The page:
After endless debating, campaigning, and spirited rallies, a result not going the way you wanted is tough to take. It can be hard to accept, even if doing so is right for a greater good beyond yourself.

No, this isn’t about President Donald Trump and the result of the November election. This is about the final permit being issued this week for the Line 3 Replacement Project, allowing construction to finally begin on what, really, should have been routine infrastructure-improvement work.

Like with Trump and the election, lawsuits are quickly being filed to challenge the outcome. For Line 3, the review and permitting processes were years-long, involving expert analysis, scientific scrutiny, and numerous opportunities for public comment and input. Everyone who wanted to be heard had ample opportunity to share their viewpoints, allowing them to be considered.

After all that, numerous state and federal agencies determined Minnesota’s portion of Enbridge’s $2.9 billion private investment could safely proceed, ensuring our state and elsewhere the oil we need, even as we transition to renewable sources of energy, to fuel our vehicles, heat our homes, and produce the petroleum products we use every day: things like life-saving medical devices, household goods, and even pens. Legal challenges are part of the process, too, and need to play out in accordance with the law.

It’s what comes after those legal challenges, should they prove unsuccessful, that is concerning right now.

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That’s because opponents of the Line 3 project have been using words and phrases like “battle lines,” “war,” and “never stop fighting,” suggesting not peaceful protests of the Line 3 project but violent conflicts — and an unwillingness to accept the result of a legitimate and painstakingly thorough public process because the result was disagreeable. (Again, not talking about Trump here).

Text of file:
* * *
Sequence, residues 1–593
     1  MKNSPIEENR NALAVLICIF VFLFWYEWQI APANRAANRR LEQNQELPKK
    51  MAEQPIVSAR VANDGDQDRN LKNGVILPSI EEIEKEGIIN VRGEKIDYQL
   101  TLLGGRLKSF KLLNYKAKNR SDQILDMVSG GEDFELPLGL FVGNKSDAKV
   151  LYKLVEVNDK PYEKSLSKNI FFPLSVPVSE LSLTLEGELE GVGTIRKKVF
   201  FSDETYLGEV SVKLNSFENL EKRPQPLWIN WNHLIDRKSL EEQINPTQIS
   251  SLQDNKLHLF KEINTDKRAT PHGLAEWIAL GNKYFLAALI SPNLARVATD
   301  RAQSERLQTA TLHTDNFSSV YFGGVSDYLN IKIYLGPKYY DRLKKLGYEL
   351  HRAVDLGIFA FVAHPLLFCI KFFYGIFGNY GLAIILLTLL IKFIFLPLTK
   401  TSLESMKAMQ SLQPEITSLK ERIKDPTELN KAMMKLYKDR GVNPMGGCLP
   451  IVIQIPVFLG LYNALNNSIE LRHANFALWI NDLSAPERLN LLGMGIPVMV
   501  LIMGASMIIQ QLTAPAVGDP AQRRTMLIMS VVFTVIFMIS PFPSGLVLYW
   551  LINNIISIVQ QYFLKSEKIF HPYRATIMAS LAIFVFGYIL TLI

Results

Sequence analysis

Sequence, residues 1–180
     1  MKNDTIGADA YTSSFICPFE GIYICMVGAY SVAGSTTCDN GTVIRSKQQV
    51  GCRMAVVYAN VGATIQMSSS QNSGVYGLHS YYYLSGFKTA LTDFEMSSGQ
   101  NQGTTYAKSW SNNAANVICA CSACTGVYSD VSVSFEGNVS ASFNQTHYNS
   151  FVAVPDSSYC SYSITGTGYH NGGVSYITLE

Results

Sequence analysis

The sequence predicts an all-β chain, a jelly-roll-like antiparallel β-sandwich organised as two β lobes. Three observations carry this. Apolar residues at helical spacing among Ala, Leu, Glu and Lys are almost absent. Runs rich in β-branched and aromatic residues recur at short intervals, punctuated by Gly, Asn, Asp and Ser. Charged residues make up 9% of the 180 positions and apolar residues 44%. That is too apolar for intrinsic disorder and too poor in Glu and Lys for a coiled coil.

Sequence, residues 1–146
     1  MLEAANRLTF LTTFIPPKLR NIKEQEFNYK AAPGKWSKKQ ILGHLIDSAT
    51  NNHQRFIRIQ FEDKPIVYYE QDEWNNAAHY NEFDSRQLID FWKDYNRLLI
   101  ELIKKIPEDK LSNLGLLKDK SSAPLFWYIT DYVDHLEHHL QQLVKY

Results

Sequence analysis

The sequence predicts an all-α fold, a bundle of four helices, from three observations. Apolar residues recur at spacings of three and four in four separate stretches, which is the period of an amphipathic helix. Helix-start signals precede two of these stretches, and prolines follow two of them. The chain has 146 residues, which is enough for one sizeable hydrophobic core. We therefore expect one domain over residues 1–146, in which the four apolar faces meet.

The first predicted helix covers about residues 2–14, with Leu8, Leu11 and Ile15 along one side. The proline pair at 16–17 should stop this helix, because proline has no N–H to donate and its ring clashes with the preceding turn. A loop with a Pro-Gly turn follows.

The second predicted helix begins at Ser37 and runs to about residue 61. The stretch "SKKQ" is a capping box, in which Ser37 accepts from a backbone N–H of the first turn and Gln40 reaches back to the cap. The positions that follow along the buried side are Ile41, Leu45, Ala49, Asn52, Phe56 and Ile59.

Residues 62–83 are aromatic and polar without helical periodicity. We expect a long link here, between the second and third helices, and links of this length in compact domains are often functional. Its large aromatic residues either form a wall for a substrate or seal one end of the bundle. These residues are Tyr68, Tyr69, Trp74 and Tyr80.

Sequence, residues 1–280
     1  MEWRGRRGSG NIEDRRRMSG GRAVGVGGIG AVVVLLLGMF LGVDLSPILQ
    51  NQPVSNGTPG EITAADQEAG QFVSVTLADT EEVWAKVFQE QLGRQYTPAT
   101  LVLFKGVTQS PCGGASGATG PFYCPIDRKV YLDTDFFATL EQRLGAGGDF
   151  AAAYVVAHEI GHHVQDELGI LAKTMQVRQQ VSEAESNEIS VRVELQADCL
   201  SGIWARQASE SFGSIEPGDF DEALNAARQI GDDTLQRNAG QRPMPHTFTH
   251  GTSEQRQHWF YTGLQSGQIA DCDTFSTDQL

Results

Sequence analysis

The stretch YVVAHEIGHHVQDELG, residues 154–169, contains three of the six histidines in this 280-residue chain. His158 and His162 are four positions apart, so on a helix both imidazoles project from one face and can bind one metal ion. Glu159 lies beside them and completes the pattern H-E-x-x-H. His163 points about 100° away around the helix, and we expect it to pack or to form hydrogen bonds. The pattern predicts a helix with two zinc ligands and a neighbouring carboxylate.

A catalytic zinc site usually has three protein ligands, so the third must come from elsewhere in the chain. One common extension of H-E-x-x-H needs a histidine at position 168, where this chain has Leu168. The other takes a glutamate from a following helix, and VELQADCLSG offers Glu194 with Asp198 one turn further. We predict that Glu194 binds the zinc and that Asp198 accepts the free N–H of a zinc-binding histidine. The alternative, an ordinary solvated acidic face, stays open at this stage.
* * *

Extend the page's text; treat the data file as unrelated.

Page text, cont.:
Already, Line 3 opponents have been caught destroying heavy construction machinery being used for the project outside of Minnesota, including by pouring cement into gas tanks. And they’ve been arrested after trespassing onto private property to damage equipment and disrupt work, causing costly delays and endangering innocent workers and the public alike.

Few of us want to see the many clashes that marred protests over the Dakota Access pipeline project repeated in northern Minnesota. But violent protesters from around the country already are staging and readying, and law enforcement has been equipping itself with armor and mutual-aid agreements to respond en masse.

The stage may be set, but the destruction of public and private property, the bloody clashes, and our northwood skies filled with teargas and smoke don’t have to happen. Not with respect — whether in agreement or still in vehement opposition — for the legitimate result of a lengthy, inclusive, thoroughly considered, and exhaustive public process.

There’s no denying the economic benefit of Line 3 construction allowed to be peacefully and safely completed. The project is to provide 4,200 good-paying construction jobs across 13 counties. It’s work for local union members as well as out-of-town contractors who’ll come here and spend their money here, helping to refuel our COVID-devastated local economies. In addition, the project is to result in $19.5 million in new property taxes every year — on top of $34.5 million Enbridge already pays annually in property taxes.

The new pipe will be safer for the environment, too. The existing Line 3, laid way back in the 1960s, had deteriorated to the point where Enbridge pumps only 390,000 barrels per day through it when its original capacity was 760,000 barrels per day. The project is replacing outdated infrastructure before it fails with state-of-the-art technology, reducing the need for oil to be transported by rail or truck, both of which are environmentally riskier options.

In the coming months, the Line 3 Replacement Project can be peaceful or it can become a flashpoint. Which one depends on the respect given to a trustworthy, inclusive, and legitimate public process.